Symbols, individuals, episodic events etc. typically have representations (mental images) and associative connections in minds of humans. If these
strong connections are known, it is possible to elicit certain thought by using certain unique set of exposures. This is largely based on priming
efect meaning generally that “earlier stimulus (external or internal) enhances how some other later appearing stimulus affects”. Priming effect
could last even for weeks, assuming that related mental images aren’t used much to anything else and that essence of the mental images don’t
change after learning something new.
If associative connections are known, suggestions for sets of exposures could be decided by a computer program. That way people, who participate to
certain social and/or media-aided games, where priming effect is utilized in purpose of affecting thinking of an individual, are mostly needed for
placing items, dressing in certain way, being somewhere at a certain moment, making sure that something happens exactly, when it should happen etc.
– in other words, they are needed mostly for staging purposes. It is not mandatory that exposure to something leads straight to certain association.
There could be delays and multiple association hops.
Connotations and denotations might often require some more time before they lead to certain thoughts, but as this all can be seen as a game of skill,
it is possible to become sure that with certain arrangements certain exposures will lead to priming effects, which last long enough so that something
else can be built upon them. It is also important to notice that it is not required for a priming effect to work that something pops up in the
consciuousness of the target individual. You could think it as a pre-activating method.
Depending on case it might matter in which order exposures happen as certain pruning effect might become involved (think: criteria), which could take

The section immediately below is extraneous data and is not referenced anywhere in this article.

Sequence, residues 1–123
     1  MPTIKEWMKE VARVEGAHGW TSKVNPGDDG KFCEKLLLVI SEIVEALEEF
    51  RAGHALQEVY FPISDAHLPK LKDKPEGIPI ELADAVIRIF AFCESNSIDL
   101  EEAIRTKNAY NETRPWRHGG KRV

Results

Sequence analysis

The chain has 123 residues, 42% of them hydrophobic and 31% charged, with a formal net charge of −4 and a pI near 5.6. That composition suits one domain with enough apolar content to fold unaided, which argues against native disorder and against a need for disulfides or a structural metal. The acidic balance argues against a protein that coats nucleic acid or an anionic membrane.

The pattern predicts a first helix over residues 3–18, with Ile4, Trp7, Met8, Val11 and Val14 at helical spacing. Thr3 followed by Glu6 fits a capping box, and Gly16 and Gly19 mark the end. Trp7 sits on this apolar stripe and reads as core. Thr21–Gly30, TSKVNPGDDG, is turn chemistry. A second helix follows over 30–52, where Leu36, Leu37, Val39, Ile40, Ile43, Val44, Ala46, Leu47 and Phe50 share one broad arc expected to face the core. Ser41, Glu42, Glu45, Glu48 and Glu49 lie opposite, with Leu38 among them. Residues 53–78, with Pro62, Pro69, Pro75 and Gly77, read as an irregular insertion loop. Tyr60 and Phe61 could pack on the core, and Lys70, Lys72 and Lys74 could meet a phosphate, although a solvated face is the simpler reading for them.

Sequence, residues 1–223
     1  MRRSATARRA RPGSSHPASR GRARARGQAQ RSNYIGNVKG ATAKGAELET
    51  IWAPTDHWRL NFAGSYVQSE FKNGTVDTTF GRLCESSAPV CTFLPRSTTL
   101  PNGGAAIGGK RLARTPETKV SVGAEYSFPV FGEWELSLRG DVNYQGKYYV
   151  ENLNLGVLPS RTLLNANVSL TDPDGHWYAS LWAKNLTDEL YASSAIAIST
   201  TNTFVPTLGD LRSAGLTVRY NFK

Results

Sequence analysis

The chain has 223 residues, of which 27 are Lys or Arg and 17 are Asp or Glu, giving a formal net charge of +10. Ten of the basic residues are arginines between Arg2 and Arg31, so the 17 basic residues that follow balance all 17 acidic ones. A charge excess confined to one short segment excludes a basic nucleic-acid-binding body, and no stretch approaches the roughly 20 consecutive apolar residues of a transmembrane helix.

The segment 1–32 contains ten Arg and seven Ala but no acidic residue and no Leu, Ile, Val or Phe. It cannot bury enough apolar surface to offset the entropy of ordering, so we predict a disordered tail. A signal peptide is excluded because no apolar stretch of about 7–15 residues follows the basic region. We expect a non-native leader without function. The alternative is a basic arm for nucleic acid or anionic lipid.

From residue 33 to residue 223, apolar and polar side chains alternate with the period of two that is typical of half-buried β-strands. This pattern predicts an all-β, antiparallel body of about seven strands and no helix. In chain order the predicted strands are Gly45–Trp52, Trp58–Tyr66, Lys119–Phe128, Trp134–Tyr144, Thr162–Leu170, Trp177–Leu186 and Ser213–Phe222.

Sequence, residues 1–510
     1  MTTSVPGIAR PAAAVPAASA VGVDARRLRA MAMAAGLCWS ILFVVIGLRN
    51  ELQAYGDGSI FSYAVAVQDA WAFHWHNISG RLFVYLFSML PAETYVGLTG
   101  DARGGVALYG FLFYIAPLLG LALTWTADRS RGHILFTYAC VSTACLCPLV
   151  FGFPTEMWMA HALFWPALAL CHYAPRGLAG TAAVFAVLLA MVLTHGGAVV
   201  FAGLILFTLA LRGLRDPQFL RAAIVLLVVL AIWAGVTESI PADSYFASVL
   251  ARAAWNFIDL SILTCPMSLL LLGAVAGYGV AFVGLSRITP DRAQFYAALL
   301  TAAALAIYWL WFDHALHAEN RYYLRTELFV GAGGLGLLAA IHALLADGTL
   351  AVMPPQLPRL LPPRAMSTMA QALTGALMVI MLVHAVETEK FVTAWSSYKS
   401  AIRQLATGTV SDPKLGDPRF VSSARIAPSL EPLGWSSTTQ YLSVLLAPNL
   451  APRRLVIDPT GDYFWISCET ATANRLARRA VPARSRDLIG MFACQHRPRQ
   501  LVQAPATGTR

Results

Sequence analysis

a hold of the stream of thought.
Image 1 illustrates 5 different sets of exposures, which present how thought R can be elicited at will by those, who are aware of associative
connections of certain individual. Numbers refer to “feeders of thoughts” and they could be something like “a person or an item from certain
perspective”) or they could be products of thinking. Letters – one per a feeder of thought” – refer to assosiations (or connotations or
denatations) that participate in certain exposure set. Image 3 presents how those letters could be first level associations, second level associations
or third level assosiaations. Image 2 presents how certain assosiations have more probability compared to other assosiations.
Now, notice how there are actually more than one of each letter. This is because when exposure set becomes fully used (all exposures get triggered),
“outputted” thought could participate in any number of other exposure sets. It is also possible that same thought could be activated in multiple
ways – here only few of them is drawn.
Image 4 is probably the most challenging one to understand. It tries to explain that because different mental images partially share same
characteristics and traits, thinking two or more mental images, which have something similar between them, will elicit “an input signal” for what
that similar is and that activates most probable associations connected to that something. Got it? For example, if two different individuals use
similar maneuver, associations connected to the maneuver “as such” become activated. Exceptions and rules which inhibit or limit this might be
Algorithm behind the image 4 can be experienced interactively by following the links below. Simulator named “Symbet” uses rule “at least one signal
in and then as many output signals as possible”. Simulator named “Tekoneuronit” uses rule “enough signals in and then one output signal”. They
also feature a cool-down period, which basically means that nodes won’t accept new signals before certain time has passed. If you want to try adding
more nodes, it doesn’t take much coding skills to add them (see the source code). Nodes should be movable, if you aren’t using a mobile browser.
Try the links that lead to my homepage, if simulations behind JSFiddle links don’t seem to have that kind of functionality (more screen space,